Uploader's Research notes: previous service-6th RegimentWarren Addison Ash, the eldest of three sons of Addison, a commission agent, and his wife, Annie, was born on 8th February 1885 in Stockport. The brothers had an elder sister, Gladys Maud, who was born in 1883. Misfortune struck the family in 1897 when their father died and again in 1900 when their brother Lionel died aged fourteen. Warren was one of twenty-seven new boys admitted to Ellesmere College on 24th September 1897, having spent the previous two terms as a student at Stockport Grammar School. He was allocated to the ‘Edward’ dormitory and took up his place in Form Lower I under the instruction of Mr. F. W. Evans. He only remained at the college for two terms and so it is not surprising that there is hardly a mention of him in the records of the time. However, he must have been an intelligent young man as in May 1898 he moved onto Denstone College as a Humphries Scholar. Rugby was the main sport in the winter term and, even at the young age of twelve and a half years, Warren found himself playing ‘forward’ for his dormitory in the 1897 inter-dormitory competition. He only participated in the one, first round game against the ‘Heywood’ dormitory on 29th November. Whilst the match report in The Ellesmerian does not mention his performance during the match, the game was held on “a beautifully fine day with a strong wind blowing”. After two terms at Ellesmere, Warren transferred to Denstone College, Uttoxeter where he remained until the end of the Easter term 1903. Here he was appointed Prefect in 1902 and he also played in the 1st XV Rugby team that season. From there he returned to North Shropshire to commence an apprenticeship at the Cambrian Railway Works, Oswestry*. Home was with his mother at 1, Edward Street, Oswestry. In 1908, having become a qualified electrician, he obtained a position with the British Columbia Engineering Company in Vancouver and sailed for a new life in Canada. He lived in Chilliwack, some fifty miles west of Vancouver city and became fully immersed in the local community. He was very active in St. Thomas Anglican Church, played football and was also Secretary of Chilliwack Tennis Club. His mother followed his lead, moved to Canada and lived in Yew Street, Kitsilano, Vancouver alongside the Prince of Wales Park. Despite being the other side of the world, Warren was able to maintain some ‘Ellesmere’ contacts. Many Ellesmerians decided to make a new life for themselves the other side of the Atlantic. In The Ellesmerian (December 1913) there is a lengthy letter from Vancouver, sent by Alexander Hume-Smith, an Old Ellesmerian who arrived at Ellesmere in 1896. He mentions that Warren was in Chilliwack “the centre of a farming and chicken raising district”. Vancouver was, at that time, in the infancy of its development and despite the simplicity of communications at that time he managed to make contact with A.L.E. Meredith, Jack Meredith, Harry Davis and Warren. Following the outbreak of war, Warren was quick to enlist. He signed his Attestation Papers on 23rd September 1914 and became Private Ash, Service No: 17094 in ‘H’ Company, the 7th Canadian Infantry, the British Columbia Regiment. His previous military experience with the British Army Territorials (he served for two years) stood him in good stead and he would have avoided any extensive basic training. Exactly when he embarked for the voyage to England is not known but his service records show that he was admitted to Salisbury Military Hospital on 1st November. He was described as being ‘dangerously ill’ on 15th and died of spinal meningitis on 21st. He was the first Chilliwack casualty of the war and the first Old Ellesmerian to die during the conflict. Warren was not the only young man from Chilliwack on that voyage to England. A fellow resident, Malcolm MacLeod, who would die on active service in April 1915, wrote to The Chilliwack Progress: “That young fellow Ash, I was telling you about being sick, from our company, is not expected to live now. He has spinal meningitis. I feel it pretty hard as I liked him fine. He joined at Chilliwack and slept beside me in camp here until he took sick. I met his mother in Vancouver before we left. He is in a hospital fourteen miles away”. Warren was buried with full military honours in Oswestry General Cemetery. His sacrifice is commemorated on the memorial gates at the entrance to Cae Glas Park, Oswestry and on memorials at both Denstone College and Ellesmere College.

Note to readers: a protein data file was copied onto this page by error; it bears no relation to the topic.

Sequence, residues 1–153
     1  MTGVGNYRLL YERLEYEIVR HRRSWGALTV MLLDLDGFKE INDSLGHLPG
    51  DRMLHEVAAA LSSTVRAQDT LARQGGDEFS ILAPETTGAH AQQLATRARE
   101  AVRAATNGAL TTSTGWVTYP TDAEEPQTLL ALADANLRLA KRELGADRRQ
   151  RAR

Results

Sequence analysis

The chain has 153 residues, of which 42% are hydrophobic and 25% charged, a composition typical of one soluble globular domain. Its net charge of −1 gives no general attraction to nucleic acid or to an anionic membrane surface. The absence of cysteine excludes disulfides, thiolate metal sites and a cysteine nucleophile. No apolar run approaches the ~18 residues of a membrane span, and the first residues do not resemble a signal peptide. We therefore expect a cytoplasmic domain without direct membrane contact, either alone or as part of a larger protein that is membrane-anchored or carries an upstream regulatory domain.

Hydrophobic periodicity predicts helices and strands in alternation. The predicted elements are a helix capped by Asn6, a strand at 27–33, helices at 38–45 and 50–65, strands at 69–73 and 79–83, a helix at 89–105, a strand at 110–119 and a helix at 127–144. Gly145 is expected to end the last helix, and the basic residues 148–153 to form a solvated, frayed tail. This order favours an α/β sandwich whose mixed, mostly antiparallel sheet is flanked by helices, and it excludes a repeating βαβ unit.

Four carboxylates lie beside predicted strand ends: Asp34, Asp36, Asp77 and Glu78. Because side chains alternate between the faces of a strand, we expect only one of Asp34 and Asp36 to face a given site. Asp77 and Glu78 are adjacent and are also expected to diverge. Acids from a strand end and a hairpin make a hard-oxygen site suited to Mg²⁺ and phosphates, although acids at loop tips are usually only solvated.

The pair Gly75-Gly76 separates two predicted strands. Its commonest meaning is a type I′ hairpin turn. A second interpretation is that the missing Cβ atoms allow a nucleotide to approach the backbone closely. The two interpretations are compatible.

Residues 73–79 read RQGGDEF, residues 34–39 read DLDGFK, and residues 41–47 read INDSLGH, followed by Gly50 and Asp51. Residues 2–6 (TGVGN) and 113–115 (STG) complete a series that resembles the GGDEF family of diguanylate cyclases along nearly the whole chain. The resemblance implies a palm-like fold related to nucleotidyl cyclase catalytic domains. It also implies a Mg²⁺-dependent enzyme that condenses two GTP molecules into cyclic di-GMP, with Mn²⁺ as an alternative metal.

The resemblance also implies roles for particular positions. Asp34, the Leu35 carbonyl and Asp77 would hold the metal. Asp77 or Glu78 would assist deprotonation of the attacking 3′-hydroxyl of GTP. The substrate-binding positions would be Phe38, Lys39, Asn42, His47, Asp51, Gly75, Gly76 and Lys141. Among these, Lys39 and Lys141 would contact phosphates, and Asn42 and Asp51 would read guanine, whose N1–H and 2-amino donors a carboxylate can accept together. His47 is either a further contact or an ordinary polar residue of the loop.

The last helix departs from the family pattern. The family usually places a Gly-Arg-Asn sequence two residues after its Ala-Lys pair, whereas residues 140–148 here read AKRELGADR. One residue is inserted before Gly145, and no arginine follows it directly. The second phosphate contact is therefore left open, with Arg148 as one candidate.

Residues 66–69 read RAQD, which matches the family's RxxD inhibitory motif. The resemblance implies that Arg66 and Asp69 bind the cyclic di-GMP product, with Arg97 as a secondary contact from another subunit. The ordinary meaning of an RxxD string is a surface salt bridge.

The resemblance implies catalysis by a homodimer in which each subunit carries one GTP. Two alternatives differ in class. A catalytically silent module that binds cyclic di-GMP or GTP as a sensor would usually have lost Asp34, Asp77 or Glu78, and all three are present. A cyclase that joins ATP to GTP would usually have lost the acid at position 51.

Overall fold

ARCHIVAL INFORMATION

Date added: 2004-09-04
Last modified: 2018-12-29